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Oyster harvester back to work after 3-week freeze

As the frozen bay begins to thaw, deckhand

As the frozen bay begins to thaw, deckhand Jose Humani swings a bin of clams to the dock from the Joseph B. Glancy fishing boat. After ice prevented fishing, the shellfish company, Frank M. Flower & Sons, returned Monday, March 9, 2015, to harvesting clams and oysters from its leased space in Oyster Bay. Photo Credit: Steve Pfost

Boat captains and deckhands for Long Island's largest oyster and clam farming company are back out on the waters after a three-week freeze in shellfish harvesting.

The return marks relief from a difficult winter for the Island's two dozen or so shellfish farming operations.

For nearly a month, boats of Oyster Bay-based Frank M. Flower & Sons were unable to traverse the 1,800 acres in the bay it leases from the Town of Oyster Bay because large swaths of water were frozen. At 7:30 a.m. Monday, they took to the water once again.

"We thought last year's winter was bad with all the snow, but this was worse," said Christa Relyea, business manager for the nearly 130-year-old shellfish-farming company. The ice "can actually cut like a razor and really destroy your boat," she said.

On Long Island, an estimated 20 million oysters and 15 million clams were sold for a dockside value of $9 million and $2.7 million, respectively, in 2009, according to the latest data from the Cornell Cooperative Extension of Suffolk County.

Gregg Rivara, aquaculture specialist with the Cooperative Extension, said this winter has been exceptionally hard on the industry. "If you go to fish markets and restaurants, you're going to have a hard time finding shellfish from Long Island," Rivara said.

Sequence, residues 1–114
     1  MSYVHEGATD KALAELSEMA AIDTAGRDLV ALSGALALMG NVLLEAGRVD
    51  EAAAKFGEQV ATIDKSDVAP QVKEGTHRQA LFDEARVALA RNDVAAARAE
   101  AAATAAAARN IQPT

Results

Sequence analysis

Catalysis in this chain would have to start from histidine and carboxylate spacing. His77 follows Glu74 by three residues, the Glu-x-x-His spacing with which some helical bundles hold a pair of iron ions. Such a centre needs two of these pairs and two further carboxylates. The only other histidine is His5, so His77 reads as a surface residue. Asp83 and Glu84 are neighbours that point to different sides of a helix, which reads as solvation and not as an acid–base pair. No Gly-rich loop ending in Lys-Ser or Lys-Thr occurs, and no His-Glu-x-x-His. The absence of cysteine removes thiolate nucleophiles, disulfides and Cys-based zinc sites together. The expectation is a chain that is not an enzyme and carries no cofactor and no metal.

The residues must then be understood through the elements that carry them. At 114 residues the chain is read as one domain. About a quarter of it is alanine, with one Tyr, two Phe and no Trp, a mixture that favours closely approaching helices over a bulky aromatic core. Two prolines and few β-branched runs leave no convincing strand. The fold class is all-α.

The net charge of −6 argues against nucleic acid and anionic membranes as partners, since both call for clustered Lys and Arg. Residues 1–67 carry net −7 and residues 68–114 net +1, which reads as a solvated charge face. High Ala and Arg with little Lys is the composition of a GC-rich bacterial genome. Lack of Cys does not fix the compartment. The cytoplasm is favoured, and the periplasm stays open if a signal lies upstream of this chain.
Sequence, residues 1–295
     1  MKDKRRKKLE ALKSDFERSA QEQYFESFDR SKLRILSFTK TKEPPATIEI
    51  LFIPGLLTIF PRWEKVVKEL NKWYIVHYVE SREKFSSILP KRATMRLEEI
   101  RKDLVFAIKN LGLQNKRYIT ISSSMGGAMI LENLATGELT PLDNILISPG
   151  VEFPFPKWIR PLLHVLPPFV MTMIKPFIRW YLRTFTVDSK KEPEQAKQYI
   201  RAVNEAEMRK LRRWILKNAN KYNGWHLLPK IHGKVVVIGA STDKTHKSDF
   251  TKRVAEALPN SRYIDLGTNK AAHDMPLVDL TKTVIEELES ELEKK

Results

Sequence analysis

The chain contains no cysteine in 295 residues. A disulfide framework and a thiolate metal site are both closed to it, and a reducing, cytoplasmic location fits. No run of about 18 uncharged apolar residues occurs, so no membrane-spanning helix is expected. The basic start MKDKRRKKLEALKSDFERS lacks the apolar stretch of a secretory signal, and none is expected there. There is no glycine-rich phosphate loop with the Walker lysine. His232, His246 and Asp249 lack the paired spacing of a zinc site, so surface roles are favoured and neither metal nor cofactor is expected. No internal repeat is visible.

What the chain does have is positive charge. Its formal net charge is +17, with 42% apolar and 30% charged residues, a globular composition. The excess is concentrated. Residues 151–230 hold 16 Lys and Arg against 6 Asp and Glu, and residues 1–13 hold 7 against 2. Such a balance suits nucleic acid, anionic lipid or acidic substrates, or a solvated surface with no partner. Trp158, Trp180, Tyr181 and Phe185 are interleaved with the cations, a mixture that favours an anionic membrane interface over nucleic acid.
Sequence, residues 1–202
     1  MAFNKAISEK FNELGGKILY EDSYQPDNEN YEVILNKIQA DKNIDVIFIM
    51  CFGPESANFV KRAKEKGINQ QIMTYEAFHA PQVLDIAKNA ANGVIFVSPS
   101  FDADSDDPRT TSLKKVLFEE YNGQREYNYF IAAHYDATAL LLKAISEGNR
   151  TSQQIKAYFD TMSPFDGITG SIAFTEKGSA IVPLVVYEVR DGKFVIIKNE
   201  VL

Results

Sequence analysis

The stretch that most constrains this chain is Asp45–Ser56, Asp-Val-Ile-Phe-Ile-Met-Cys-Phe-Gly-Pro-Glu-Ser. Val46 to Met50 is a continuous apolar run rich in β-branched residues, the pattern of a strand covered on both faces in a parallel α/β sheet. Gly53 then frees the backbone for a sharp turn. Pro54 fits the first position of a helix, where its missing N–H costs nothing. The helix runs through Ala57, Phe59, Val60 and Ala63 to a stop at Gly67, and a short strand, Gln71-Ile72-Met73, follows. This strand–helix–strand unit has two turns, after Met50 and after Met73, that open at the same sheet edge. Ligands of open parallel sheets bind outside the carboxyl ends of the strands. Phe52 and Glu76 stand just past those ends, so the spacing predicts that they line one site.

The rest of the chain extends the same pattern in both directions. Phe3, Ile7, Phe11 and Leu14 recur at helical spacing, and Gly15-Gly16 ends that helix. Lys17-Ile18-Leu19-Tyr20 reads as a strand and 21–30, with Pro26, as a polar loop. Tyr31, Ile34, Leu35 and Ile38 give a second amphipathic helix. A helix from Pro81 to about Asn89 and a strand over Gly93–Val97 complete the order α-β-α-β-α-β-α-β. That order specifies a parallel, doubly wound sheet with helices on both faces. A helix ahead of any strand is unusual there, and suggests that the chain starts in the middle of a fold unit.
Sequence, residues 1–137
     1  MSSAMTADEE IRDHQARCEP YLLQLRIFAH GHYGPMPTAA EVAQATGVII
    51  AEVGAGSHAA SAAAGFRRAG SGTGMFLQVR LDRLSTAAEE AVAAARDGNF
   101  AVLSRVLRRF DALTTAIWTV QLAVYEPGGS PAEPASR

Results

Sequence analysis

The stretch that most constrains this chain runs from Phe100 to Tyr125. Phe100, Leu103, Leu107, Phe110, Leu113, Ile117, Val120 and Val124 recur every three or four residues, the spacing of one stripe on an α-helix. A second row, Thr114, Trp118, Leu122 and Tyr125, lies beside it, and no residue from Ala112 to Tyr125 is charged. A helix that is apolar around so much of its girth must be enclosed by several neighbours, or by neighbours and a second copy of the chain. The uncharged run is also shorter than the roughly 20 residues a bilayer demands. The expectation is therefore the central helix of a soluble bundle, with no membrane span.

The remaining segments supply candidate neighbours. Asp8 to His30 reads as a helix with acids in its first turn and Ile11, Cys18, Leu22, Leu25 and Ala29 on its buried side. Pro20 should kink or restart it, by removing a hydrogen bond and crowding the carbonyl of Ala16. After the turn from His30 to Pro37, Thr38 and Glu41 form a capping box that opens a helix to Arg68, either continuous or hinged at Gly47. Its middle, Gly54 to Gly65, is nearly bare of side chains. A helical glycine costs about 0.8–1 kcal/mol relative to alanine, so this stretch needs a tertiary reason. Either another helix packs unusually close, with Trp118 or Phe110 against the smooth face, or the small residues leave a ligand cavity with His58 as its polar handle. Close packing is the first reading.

Tom Kehoe, co-owner of K&B Seafood Inc., said the ice has limited his East Northport seafood wholesaler's ability to buy some items from anywhere in the Northeast.

"We haven't had a pound of mussels to sell in about three weeks," he said. "The little bit of shellfish we've been able to get our hands on has almost doubled in price."

While Flower & Sons said the cold hasn't hurt the oysters and clams in its waters, the company is concerned about getting its sales and six ships back on course. During peak winter harvest times, Flower & Sons could expect to harvest roughly 3,000 bushels of oysters and 6,700 bushels of clams each week.

During the freeze, the company, which plants about 100 million clams and oysters each year, had to assign its 50 employees to jobs such as general maintenance and boat repair to keep people working.

"We're very fortunate we didn't have to lay anyone off," Relyea said.

In the past three weeks, ships with the U.S. Coast Guard made four trips through the area in an attempt to break the ice over the bay, but consistent frigid winds kept pushing sections of ice closer to the shore. It wasn't until temperatures began to rise and winds shifted that the efforts worked, Relyea said.

"Everybody's been having a tough time with this weather," she said. "The plumbers were the only ones who were happy with this winter."

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